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Category Archive: ‘Market Conditions’

Build More….3x More!

This article adds the numbers.  We need to build at least three times as many homes as we’ve been building to keep up with the growth – and no telling what that would do to prices, if anything:

http://www.cbs8.com/story/36420282/report-changes-needed-to-meet-san-diego-housing-demand

SAN DIEGO (CNS) – As the homeless population grows and rents balloon in San Diego, city officials Thursday announced a series of proposals to help alleviate the housing shortage over the next 10 years.

Numerous changes to city codes and procedures are required to meet the housing demand, according to a report presented to the City Council’s Smart Growth and Land Use Committee.

Some of those changes include rezoning areas around transit hubs to increase density, converting unused industrial zones into residential areas and encouraging smaller unit sizes. Making use of vacant lots and easing some onerous parking requirements are also among the ideas identified in the report.

“This is an exciting step because it gives the city goals for the future, and it gives the city goals to be measured by,” San Diego Housing Commission President Richard Gentry said.

To meet the housing need in San Diego, as many as 220,000 new housing units will need to be built by 2028, the report said. The top annual production rate within the last 5 years has been of 6,400 units. Even with the solutions identified in the report, San Diego would have to bolster its production rate.

“To meet the projected needs for the city for the next 10 years, we will need to produce between 17,000 and 24,000 housing units per year — a dawning task but a worthy goal to be set,” Gentry said.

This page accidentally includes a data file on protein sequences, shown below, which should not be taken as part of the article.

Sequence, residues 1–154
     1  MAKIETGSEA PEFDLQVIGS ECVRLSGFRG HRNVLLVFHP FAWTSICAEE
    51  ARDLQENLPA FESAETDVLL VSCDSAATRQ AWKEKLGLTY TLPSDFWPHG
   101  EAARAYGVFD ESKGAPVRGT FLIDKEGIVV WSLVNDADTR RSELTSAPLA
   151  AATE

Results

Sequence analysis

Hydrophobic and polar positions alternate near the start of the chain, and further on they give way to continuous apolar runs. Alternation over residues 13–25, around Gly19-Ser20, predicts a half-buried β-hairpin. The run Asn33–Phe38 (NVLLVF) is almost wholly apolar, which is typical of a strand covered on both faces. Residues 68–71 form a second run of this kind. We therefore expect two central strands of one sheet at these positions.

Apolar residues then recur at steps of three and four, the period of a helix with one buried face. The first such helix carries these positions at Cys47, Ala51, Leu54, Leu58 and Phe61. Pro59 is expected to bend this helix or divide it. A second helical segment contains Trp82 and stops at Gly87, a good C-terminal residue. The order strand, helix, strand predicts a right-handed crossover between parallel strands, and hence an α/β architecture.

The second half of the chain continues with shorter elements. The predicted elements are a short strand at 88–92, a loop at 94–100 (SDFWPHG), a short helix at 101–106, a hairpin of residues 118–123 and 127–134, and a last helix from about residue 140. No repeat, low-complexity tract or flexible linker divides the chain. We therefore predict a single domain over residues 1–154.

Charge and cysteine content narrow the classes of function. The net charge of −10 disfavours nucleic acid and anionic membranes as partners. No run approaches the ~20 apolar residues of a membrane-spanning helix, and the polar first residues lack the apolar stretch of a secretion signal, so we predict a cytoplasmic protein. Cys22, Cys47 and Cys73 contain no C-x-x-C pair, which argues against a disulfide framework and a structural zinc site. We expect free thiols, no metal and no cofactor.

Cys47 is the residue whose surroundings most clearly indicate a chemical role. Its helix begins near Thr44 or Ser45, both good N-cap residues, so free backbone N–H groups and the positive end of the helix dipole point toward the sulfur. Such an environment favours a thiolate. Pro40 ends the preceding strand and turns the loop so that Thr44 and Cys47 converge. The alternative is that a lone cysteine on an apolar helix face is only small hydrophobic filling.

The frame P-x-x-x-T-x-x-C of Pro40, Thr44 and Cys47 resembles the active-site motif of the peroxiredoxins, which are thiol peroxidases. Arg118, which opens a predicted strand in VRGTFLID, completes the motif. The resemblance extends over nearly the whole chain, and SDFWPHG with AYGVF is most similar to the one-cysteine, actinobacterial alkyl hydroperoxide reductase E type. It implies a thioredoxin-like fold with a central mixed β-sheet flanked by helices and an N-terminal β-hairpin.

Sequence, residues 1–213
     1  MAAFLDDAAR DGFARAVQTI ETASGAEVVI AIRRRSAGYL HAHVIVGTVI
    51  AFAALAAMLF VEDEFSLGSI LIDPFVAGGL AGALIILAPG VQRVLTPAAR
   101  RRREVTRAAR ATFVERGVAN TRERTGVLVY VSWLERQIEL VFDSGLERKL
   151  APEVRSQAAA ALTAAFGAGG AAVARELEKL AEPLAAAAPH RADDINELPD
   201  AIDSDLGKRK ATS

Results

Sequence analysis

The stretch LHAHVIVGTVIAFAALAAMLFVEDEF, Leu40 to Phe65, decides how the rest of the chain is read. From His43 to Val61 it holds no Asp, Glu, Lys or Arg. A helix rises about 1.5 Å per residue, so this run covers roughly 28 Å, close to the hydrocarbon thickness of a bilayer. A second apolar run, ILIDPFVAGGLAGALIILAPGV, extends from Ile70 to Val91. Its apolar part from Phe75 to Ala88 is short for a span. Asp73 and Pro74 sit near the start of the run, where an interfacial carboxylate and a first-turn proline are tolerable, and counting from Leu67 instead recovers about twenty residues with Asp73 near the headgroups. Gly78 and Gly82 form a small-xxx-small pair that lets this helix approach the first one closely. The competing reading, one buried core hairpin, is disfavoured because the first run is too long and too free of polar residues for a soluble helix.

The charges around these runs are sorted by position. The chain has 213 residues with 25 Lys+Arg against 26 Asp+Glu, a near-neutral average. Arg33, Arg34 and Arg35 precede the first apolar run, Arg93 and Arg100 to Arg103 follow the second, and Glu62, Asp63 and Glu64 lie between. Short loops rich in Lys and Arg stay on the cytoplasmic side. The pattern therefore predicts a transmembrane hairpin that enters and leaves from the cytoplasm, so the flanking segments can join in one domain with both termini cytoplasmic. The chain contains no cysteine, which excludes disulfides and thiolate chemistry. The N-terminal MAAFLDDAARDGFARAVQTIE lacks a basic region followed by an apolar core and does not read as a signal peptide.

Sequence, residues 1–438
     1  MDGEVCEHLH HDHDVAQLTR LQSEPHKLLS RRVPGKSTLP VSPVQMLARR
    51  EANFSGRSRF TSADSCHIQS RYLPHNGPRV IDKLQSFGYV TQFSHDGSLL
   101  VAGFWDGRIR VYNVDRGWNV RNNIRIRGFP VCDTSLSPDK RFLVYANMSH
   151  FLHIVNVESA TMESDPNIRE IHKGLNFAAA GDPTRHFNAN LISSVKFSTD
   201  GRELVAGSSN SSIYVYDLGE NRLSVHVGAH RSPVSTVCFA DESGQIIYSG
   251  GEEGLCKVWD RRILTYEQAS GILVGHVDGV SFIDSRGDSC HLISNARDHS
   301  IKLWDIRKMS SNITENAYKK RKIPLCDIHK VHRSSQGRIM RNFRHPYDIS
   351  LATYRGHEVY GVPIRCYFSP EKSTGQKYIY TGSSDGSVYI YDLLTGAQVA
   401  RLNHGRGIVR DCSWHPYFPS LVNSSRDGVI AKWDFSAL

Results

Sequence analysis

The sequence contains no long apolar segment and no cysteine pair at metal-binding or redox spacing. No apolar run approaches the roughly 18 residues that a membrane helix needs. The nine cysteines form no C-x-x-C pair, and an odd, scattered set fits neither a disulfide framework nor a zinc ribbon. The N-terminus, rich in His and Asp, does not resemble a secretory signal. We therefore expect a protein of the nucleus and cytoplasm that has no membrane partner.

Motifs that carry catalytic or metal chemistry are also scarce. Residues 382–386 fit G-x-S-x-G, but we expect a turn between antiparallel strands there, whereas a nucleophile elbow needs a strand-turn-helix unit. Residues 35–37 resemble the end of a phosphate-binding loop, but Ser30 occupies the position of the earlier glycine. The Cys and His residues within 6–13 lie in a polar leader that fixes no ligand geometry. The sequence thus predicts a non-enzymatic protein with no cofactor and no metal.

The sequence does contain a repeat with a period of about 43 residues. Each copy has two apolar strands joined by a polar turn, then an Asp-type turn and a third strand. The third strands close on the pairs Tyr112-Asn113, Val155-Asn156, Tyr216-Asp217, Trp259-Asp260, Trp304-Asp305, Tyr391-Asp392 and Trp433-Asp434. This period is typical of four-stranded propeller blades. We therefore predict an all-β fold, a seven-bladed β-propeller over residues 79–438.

After the presentation, City Councilwoman Georgette Gomez worried that more units may not necessarily fix the housing crisis facing the region.

“I would love to work with the housing commission to look at the affordability of housing,” Gomez said. “I’m not a firm believer that just creating units is going to get to the actual issues that are in front of us.”

According to a staff report, the annual rate of housing construction has been well under half that of population growth over the past decade, creating a warped supply-and-demand situation that has prompted costs to skyrocket. The result is that half of San Diegans can’t find rental units they can afford and 60 percent can’t afford to purchase a home, according to the report.

“What we are doing is driving our kids and grandkids right out of town,” Councilman Scott Sherman said.

The report identified the communities of Skyline-Paradise Hills, Linda Vista, Otay Mesa, Clairemont Mesa and Navajo as the areas with the largest housing growth potential. As many as 74,000 units could be built all together in those five communities.

If all the suggestions in the report are carried out, that 10-year housing goal could be met or exceeded. Then hope later one is to keep that same production rate through 2028 to keep up with the expected population growth.

http://www.cbs8.com/story/36420282/report-changes-needed-to-meet-san-diego-housing-demand

Posted by on Sep 26, 2017 in Boomers, Builders, Jim's Take on the Market, Local Government, Market Conditions, The Future, Thinking of Building? | 1 comment

More Insanity

Hat tip to Richard for sending this in…..how much more can buyers take?